From Booterstown to Brisbane
Rebecca Coll recently won a big science award in Australia. She spoke to our reporter about the culture shock of life Down Under
Taxi drivers who ferry Rebecca Coll around Brisbane generally assume she works in a bar or building site, like so many young Irish in the city. But in fact this brilliant young scientist left Dublin in 2014 to undertake scientific research in Australia, and has already won national recognition for her work there.
Last November at a ceremony in Sydney she was awarded for her work in identifying promising anti-inflammatory compounds that block the NLRP3 inflammasome (or protein) - a key driver of inflammation.
It's only when Rebecca explains her magnificent achievement, that we non-science types can begin to comprehend just how her research stands to improve the quality of all our lives.
''Uncontrolled inflammation contributes to the progression of many diseases including neurodegenerative diseases such as Alzheimer's and Parkinson's," she says.
Her work has been described as "groundbreaking" and the CEO of Research Australia has described Coll as ''one to watch''.
"The award thing was honestly not a big deal," Rebecca says modestly. "On the foot of the research we've done in trying to block the protein, a company was formed, although I should point out I don't have a direct role in that company. It's recently had a really big round of funding."
Rebecca grew up in Booterstown, Co Dublin. She is the daughter of the noted sculptor John Coll, who has created many works of national importance including monuments to poet Patrick Kavanagh and writer Brendan Behan on the Dublin canals.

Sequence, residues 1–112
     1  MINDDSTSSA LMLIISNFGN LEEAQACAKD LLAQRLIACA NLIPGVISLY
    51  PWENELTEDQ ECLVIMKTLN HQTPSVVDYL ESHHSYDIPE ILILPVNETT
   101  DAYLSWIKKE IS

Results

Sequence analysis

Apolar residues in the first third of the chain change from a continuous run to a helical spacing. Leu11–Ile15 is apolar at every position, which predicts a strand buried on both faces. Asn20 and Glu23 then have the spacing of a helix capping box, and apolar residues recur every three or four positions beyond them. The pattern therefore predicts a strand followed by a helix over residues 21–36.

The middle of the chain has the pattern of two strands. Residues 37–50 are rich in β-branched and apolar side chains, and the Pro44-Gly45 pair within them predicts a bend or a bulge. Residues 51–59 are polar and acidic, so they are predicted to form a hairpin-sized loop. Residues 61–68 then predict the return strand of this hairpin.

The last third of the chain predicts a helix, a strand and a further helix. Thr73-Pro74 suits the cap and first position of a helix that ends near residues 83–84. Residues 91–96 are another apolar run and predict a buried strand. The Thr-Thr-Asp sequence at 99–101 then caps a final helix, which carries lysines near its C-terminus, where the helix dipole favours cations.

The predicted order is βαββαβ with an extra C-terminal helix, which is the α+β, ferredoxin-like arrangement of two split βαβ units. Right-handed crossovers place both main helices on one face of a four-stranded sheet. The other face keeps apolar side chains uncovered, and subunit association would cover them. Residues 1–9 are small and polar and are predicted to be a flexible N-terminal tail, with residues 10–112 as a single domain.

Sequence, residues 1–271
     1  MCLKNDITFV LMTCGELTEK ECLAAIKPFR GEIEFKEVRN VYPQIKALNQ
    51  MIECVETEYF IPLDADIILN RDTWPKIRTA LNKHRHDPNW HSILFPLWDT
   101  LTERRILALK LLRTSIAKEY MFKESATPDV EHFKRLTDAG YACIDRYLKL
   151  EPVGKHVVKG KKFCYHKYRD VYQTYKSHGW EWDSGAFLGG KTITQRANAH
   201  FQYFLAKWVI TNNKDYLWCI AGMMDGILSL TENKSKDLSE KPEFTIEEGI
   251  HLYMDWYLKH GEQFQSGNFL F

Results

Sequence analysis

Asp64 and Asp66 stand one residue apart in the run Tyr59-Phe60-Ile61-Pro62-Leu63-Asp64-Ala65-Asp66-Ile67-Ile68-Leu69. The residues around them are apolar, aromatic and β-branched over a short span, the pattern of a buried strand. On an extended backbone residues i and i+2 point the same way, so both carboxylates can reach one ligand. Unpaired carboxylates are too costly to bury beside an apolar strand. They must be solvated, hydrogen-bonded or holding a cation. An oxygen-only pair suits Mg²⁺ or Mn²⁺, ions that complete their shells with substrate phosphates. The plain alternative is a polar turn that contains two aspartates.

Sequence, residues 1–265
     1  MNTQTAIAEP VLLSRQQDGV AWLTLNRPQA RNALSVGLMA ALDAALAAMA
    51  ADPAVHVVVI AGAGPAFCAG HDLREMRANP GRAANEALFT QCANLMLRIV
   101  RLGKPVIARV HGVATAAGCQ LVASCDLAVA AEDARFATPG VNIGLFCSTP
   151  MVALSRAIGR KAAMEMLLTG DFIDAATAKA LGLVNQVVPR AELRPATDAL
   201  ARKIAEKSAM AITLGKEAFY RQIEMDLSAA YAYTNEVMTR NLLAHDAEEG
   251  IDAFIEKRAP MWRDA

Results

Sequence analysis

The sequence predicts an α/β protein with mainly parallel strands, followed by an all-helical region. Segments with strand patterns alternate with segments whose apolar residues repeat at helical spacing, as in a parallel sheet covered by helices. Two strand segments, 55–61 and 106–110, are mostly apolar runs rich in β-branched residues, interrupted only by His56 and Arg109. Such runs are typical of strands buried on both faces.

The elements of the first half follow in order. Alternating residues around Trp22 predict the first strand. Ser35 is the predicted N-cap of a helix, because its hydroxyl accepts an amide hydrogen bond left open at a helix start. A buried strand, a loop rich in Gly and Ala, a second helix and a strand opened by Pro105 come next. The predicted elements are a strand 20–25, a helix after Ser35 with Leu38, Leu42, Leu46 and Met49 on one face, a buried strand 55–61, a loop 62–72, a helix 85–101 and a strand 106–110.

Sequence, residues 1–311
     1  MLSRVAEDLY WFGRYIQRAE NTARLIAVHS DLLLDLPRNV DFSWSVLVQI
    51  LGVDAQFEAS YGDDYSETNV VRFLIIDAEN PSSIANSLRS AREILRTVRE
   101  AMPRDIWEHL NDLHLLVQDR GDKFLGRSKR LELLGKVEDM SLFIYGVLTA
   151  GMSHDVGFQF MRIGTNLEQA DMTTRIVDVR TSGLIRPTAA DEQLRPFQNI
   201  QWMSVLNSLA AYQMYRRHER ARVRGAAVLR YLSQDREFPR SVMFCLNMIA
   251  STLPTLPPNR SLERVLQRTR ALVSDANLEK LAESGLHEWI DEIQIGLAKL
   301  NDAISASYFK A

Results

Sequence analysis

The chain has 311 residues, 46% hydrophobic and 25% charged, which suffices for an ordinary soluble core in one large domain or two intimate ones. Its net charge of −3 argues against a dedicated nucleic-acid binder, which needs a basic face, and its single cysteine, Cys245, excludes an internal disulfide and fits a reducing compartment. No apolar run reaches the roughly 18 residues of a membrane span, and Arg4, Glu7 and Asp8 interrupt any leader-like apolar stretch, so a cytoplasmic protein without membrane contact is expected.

She attended St Andrew's College and later studied science in Trinity, where she was a standout student. She did a PhD in Trinity and ended up collaborating with researchers from the University of Queensland.
Her first impressions of Brisbane were of the "oppressive heat", she says.
"I also didn't think it would be so much of a culture shock. It's more American than I realised - in that you see everyone driving everywhere, and it's extremely multicultural. I don't like the presumption that the Irish are drunks - but at the same time, you do have a lot of young people coming over and wrecking the place, so there is some truth in it."
Other cliches about Australia depend on the context, she says.
"People in my circle are not like this at all, they're very liberal - but in the media and so on I would say there is a certain macho, maybe sexist, way of talking that you wouldn't get in Ireland."
The vastly multicultural population of Brisbane, together with her own line of work, has meant she seldom encounters other Irish people in her day-to-day life. She decided to deal with the initial homesickness pangs by joining a GAA club - despite having never previously shown much interest in Gaelic games.
"I was a bit lonely or whatever. I'd never played anything like football - I'm from south County Dublin! I would say that I managed to 'pass' for a while but eventually a few people began to figure out that I hadn't a clue."
She began living with an Australian couple who had Irish connections and through them made more Irish friends in Brisbane.
Rebecca intends to stay in Australia for the foreseeable future but doesn't rule out a move home either. "Some of my friends are having kids and I'm missing out on seeing them. If I met an Australian I could definitely make a life here.
"Wages are great in science, especially compared to Ireland where the wages are not high enough to get the talent, at my level anyway. It's my home for now - but I always miss Ireland.''
Sunday Indo Living